Swell. Americans are already taxed to the max, and the Times wants the feds to impose even more taxes to discourage "dirty" fuel use. So, folks who have to drive would pay more as the government artificially drives up the price of energy. That would help the bad economy, wouldn't it? Consumers saddled with higher utility and gasoline costs. Yeah, that's the ticket to an economic rebound for sure.

But The New York Times doesn't care. The paper wants global warming to stop right now! And it blames fossil fuels for the heat wave. So, whatever it takes to get green energy on everybody's plate is going to be supported by the paper and some others on the liberal side even if it means wrecking the economy and running up massive debt.

A few months ago, I had an interesting conversation with T. Boone Pickens, the billionaire investor. He put up his own money to develop a massive wind power project in the heartland. T. Boone thought he'd found the answer: Wind would drive the clean energy movement. But the windmills couldn't deliver enough energy to make a profit. So Pickens folded and put the wind deal up for sale.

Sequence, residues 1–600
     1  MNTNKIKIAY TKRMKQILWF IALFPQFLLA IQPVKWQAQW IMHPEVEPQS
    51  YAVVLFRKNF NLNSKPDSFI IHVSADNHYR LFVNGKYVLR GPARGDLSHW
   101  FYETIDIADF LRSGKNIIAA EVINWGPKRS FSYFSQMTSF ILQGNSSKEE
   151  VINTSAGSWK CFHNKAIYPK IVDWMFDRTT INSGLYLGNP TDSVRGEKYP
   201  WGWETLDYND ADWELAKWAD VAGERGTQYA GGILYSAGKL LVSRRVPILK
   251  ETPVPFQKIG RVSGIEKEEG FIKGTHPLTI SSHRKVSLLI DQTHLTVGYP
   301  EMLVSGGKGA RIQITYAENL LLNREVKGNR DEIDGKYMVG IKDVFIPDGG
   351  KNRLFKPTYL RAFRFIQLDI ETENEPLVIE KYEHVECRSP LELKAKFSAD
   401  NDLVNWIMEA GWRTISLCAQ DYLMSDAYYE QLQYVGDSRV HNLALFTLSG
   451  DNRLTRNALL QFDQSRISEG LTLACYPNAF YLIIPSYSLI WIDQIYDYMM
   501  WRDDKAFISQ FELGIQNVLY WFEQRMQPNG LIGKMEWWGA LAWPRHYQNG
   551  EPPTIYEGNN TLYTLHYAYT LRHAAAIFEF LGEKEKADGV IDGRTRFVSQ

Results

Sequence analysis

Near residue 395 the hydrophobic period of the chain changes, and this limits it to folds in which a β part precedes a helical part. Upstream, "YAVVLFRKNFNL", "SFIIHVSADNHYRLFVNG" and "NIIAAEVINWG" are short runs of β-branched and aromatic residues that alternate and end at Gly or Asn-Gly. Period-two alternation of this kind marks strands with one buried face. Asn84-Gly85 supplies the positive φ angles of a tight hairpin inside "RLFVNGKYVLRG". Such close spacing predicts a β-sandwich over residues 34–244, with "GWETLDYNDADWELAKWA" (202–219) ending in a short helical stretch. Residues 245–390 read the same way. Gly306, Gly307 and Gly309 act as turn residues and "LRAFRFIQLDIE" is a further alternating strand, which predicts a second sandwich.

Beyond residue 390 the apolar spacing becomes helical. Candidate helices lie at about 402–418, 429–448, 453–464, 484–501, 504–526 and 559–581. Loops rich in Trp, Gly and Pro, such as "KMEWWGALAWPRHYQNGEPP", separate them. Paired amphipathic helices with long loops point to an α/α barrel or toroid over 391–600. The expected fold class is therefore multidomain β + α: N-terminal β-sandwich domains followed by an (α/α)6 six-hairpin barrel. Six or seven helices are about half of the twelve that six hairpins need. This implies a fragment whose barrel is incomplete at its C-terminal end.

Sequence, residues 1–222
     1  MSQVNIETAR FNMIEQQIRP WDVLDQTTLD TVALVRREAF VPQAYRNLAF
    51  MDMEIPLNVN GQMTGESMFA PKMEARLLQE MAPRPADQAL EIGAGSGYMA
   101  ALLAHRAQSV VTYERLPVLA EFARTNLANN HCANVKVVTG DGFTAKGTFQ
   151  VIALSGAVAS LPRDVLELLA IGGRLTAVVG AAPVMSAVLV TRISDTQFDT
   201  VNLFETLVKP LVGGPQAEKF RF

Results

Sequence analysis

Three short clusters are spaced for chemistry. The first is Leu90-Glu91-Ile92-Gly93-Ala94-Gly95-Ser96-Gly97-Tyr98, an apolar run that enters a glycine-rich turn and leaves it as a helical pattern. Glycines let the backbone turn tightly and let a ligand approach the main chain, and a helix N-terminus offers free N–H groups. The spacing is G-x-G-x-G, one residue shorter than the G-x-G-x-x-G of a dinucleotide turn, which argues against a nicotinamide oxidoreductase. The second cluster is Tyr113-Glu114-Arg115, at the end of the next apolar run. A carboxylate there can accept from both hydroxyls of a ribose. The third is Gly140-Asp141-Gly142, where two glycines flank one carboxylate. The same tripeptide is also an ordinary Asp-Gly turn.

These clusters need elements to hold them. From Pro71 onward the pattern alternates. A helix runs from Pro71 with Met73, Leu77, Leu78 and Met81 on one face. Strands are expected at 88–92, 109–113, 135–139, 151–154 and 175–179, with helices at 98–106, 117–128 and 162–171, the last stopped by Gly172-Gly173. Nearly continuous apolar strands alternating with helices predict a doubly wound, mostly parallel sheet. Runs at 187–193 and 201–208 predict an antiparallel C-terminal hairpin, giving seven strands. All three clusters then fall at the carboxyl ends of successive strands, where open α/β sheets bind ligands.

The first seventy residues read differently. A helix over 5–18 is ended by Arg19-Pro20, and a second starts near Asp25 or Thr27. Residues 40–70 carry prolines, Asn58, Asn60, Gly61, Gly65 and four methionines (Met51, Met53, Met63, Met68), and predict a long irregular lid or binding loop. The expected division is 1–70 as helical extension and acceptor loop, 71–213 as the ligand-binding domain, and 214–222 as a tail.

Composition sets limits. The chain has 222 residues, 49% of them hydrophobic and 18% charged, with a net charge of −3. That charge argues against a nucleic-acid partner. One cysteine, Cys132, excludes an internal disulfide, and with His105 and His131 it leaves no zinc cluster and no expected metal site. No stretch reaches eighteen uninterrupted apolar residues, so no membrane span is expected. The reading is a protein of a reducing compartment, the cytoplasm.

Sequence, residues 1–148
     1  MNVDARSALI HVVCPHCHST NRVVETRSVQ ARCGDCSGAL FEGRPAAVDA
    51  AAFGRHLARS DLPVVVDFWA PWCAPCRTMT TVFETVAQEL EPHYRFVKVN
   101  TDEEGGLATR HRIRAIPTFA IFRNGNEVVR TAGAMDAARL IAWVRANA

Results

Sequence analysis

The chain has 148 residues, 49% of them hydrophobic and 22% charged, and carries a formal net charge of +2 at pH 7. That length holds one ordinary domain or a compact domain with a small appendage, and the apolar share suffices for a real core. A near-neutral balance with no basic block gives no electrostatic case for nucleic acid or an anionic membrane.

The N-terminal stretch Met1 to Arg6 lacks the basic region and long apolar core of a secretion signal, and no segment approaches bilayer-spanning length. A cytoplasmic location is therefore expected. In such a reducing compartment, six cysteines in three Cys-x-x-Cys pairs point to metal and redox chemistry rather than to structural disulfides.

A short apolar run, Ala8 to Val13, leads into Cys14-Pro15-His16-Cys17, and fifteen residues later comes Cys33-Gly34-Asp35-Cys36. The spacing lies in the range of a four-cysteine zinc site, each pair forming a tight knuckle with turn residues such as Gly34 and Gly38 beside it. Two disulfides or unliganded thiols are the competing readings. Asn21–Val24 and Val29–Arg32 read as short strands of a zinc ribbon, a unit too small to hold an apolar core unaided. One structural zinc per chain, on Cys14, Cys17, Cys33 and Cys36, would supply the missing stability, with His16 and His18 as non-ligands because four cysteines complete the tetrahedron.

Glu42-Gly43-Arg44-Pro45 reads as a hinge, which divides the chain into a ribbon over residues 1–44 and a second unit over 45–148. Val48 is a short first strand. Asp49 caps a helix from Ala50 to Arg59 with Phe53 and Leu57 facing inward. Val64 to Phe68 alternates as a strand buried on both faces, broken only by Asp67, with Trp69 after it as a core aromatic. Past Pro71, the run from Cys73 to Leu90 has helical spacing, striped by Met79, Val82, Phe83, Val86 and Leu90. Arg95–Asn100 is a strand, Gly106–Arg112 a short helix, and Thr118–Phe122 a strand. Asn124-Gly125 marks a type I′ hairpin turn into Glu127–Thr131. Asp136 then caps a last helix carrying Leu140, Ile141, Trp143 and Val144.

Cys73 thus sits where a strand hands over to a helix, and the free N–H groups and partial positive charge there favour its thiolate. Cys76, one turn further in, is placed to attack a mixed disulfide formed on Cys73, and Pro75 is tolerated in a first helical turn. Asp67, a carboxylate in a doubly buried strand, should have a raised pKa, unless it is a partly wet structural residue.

If the United States could develop green energy, I'd be first in line to buy some. I recognize the need for clean, efficient fuel. But you don't punish hardworking Americans by wasting their tax dollars and raising their taxes to fund the green dreamscape. That is irresponsible and brutally unfair. With literally trillions of dollars to be made, the private marketplace is where alternative energy should be developed.

If there's real green in it, things will happen.

Liberal Myths

John C. Goodman

Did you know that Paul Krugman is more compassionate than you are? Or so he says.

In fact, just about everybody who is left of center is more compassionate than everybody who is right of center, Krugman explained in a recent New York Times editorial.

“American politics is fundamentally about different moral visions,” he wrote. If you identify with Milton Friedman’s “Free to Choose” vision you are today part of the “free to die” crowd.